A look at Xfce
Xfce is a lightweight desktop environment that is an excellent alternative to GNOME and KDE.
Things I like:
- usable out-of-box with sensible defaults
- easy to configure and customize
- modular components that can be swapped out for alternatives, or used in non-Xfce desktops
That last point is what led me to try Xfce in the first place. I've successfully used Xfce's power manager for years in Openbox. The great thing about Xfce is that, for a little extra overhead, you get all the flexibility of a window manager like Openbox plus all the added perks of a full desktop. Xfce can be configured to provide a comfortable migration path for new Linux users coming from Windows or Mac OS, or customized to the nth degree for longtime users.
Here are some things I do with Xfce (v4.16) running on (pre-release) Debian 11 Bullseye.
On a new machine, I like to start with a minimal install of Debian, then add Xfce afterwards.
A simple ...
$ sudo apt install task-xfce-desktop
... will pull in the complete bells-and-whistles desktop.
Plus a few desktop extras that I want ...
$ sudo apt install diodon fonts-firacode fonts-ubuntu lightdm-gtk-greeter papirus-icon-theme plymouth-themes qt5-style-plugins wmctrl xdotool
Login, then go to
Applications->Settings->Settings Manager to configure the desktop.
Add applications to run at startup in
Applications->Settings->Session and Startup->Application Autostart.
I like to have a terminal immediately available after login, so I add the command
xfce4-terminal --maximize to the list.
Another useful application to launch at startup is diodon (clipboard).
Customize keyboard shortcuts for managing windows, simple tiling, applications, switching desktops, and whatnot in
At home I connect my laptop to an external monitor that I use as my primary display. Xfce doesn't have a keyboard shortcut for moving windows between the two displays, so I use this python script to provide that function, and set a command shortcut in
Xfce-terminal binds F1 and F11 to help and fullscreen, respectively, which can make using terminal programs like
htop difficult. To disable those shortcuts, edit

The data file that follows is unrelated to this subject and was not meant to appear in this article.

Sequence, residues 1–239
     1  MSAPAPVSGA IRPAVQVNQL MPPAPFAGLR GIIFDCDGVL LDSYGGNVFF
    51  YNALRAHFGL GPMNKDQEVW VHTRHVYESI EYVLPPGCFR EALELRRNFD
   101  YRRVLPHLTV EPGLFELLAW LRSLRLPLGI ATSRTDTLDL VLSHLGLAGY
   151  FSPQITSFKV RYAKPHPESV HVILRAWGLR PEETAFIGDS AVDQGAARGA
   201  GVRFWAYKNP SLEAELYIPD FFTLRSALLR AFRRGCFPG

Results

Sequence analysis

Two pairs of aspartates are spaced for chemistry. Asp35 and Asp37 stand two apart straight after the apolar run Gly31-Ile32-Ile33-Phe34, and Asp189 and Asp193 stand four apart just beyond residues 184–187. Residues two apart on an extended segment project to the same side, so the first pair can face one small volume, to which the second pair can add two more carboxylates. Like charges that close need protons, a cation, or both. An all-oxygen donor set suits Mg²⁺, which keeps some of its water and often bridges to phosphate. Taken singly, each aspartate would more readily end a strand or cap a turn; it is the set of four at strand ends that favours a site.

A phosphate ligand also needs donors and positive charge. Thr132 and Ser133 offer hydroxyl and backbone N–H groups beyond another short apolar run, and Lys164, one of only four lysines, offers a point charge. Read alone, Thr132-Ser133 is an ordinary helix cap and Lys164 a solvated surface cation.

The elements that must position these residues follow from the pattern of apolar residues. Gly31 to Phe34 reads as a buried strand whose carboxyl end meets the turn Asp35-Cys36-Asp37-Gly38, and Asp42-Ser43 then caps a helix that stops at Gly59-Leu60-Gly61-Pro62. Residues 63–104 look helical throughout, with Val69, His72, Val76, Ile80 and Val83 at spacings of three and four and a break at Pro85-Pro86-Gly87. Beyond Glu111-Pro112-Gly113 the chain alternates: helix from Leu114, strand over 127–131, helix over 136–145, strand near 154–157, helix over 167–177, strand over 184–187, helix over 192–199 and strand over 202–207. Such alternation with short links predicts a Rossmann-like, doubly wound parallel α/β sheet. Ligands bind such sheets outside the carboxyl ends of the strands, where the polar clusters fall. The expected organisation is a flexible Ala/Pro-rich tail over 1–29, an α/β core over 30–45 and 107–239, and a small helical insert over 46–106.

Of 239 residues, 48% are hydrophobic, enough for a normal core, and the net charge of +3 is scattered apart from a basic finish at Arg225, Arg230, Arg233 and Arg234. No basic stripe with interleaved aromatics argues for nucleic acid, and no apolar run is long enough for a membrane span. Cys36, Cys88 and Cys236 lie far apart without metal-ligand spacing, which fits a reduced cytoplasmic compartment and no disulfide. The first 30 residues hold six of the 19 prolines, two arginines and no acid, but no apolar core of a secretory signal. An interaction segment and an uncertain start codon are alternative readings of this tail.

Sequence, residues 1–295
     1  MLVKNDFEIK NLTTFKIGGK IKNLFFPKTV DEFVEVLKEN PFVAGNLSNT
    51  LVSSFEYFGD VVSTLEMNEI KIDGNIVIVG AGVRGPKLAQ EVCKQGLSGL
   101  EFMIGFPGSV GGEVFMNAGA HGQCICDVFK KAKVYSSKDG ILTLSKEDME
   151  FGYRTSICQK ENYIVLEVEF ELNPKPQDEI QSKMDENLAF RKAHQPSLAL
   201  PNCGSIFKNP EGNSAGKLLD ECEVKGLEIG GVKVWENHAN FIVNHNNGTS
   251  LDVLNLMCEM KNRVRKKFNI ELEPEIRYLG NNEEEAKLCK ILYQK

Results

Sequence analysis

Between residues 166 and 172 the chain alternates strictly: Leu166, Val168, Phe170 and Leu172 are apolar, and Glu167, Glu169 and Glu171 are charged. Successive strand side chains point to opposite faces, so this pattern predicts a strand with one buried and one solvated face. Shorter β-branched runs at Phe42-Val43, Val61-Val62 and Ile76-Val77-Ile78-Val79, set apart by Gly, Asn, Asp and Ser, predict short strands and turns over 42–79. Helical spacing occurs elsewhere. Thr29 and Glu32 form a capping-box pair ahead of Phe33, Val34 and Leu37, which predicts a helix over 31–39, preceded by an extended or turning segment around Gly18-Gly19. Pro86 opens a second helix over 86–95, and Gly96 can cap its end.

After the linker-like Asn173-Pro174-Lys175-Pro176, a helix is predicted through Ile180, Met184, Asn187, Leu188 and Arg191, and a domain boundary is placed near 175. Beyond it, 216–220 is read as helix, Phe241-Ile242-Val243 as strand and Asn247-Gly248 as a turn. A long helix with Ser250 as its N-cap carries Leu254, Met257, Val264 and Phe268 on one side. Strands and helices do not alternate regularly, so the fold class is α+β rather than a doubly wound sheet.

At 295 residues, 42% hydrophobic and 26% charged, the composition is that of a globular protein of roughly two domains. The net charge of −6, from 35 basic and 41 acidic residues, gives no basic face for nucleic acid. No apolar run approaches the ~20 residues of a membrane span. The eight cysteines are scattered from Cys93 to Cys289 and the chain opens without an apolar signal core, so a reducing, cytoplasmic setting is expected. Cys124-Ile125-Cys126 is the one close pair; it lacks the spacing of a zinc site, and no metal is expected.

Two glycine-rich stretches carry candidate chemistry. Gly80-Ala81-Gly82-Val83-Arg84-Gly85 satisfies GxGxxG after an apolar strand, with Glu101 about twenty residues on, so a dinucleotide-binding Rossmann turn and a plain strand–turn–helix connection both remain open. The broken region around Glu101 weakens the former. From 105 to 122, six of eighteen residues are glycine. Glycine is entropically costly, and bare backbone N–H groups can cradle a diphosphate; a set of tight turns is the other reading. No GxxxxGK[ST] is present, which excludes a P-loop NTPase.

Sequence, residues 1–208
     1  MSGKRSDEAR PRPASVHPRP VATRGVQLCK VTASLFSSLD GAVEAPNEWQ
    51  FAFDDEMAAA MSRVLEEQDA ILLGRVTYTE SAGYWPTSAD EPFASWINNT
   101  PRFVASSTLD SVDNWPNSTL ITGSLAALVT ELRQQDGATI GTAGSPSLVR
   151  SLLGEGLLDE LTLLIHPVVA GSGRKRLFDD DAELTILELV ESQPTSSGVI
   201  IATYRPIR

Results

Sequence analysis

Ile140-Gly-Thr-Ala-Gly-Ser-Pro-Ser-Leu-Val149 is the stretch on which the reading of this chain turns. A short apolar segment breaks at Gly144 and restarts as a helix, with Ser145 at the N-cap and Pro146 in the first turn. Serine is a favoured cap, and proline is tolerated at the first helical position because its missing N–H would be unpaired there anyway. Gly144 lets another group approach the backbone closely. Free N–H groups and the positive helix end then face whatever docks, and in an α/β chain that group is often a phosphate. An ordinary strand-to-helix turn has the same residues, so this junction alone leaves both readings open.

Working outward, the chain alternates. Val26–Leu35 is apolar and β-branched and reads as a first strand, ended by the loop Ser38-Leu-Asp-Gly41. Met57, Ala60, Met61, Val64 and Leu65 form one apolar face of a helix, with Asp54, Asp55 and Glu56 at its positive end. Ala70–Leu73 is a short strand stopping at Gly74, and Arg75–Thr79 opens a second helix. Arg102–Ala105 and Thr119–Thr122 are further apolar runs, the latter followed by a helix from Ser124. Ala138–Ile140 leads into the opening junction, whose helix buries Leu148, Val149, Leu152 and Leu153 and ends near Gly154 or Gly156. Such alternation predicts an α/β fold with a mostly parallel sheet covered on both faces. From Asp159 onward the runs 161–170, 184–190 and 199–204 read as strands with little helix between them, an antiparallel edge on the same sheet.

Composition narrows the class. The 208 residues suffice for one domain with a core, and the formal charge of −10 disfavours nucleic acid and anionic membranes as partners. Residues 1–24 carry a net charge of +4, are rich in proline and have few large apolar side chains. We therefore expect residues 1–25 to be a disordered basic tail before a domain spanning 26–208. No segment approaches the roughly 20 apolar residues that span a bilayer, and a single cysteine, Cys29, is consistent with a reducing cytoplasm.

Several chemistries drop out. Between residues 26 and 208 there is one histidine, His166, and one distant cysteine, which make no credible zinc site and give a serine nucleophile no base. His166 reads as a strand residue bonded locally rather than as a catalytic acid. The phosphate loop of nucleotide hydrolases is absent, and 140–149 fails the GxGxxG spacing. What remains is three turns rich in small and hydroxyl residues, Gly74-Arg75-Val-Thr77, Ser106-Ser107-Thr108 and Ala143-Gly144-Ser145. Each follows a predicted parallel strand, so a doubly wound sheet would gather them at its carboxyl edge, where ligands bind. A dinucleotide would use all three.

(gtk_accel_path "<Actions>/terminal-window/fullscreen" "") (gtk_accel_path "<Actions>/terminal-window/contents" "")
Disable hidden scrollbars
Some (GTK) desktop windows have scrollbars that disappear when the mouse is not moving. If you want scrollbars to always remain visible, add the setting
Add, remove, arrange the components of the xfce-panel in
In addition, I set the
tasklist buttons to expand into available space, and change the styling of other buttons, by creating the file ~/.config/gtk-3.0/gtk.css.
See: "Enlarge size of window button" and "Panelbar theming"
Xfce is styled using themes, which can be installed in
~/.themes. Sometimes with dramatic results.
I like to style my desktop around the Nord colour palette ...
- Download Nordic theme and install in
- Download Nord-xfce-terminal and install
I like Fira Code fonts for the terminal. Select
Fira Code Regular in
For a uniform look between GTK and QT applications, add to ~/.profile ...
LightDM is a display manager + login greeter for desktops.
Select a background wallpaper and theme in
[greeter] background=/usr/share/pixmaps/my_background_wallpaper.jpg theme-name=Adwaita-dark
Set a user avatar by saving a 96x96 pixel image to
/usr/share/lightdm/lightdm.conf.d/01_debian.conf, set ...
$ sudo systemctl restart lightdm.service
Since I already enter a passphrase at boot to unlock my LUKS-encrypted storage, I enable auto-login to skip the login screen.
Example: To enable auto-login for user
foo, change these lines in
/etc/lightdm/lightdm.conf from ...
[Seat:*] #autologin-user= #autologin-user-timeout=0
... to ...
[Seat:*] autologin-user=foo autologin-user-timeout=0
To source the contents of ~/.profile when using LightDM, create ~/.xsessionrc with the entry ...
Plymouth presents a graphical display while the system boots.
/etc/default/grub to set the
splash option, and the GRUB display resolution (example:
GRUB_CMDLINE_LINUX_DEFAULT="quiet splash" GRUB_GFXMODE=1366x768
Save changes, and update GRUB ...
$ sudo update-grub
I like Circle from this Plymouth theme collection. To use this theme, download and unpack the collection, then ...
$ sudo cp -r /path/to/plymouth/theme/circle/ /usr/share/plymouth/themes $ sudo plymouth-set-default-theme -R circle
» Later: New life for an old laptop as a Linux home server
« Earlier: Self-host a personal calendar and address book using Radicale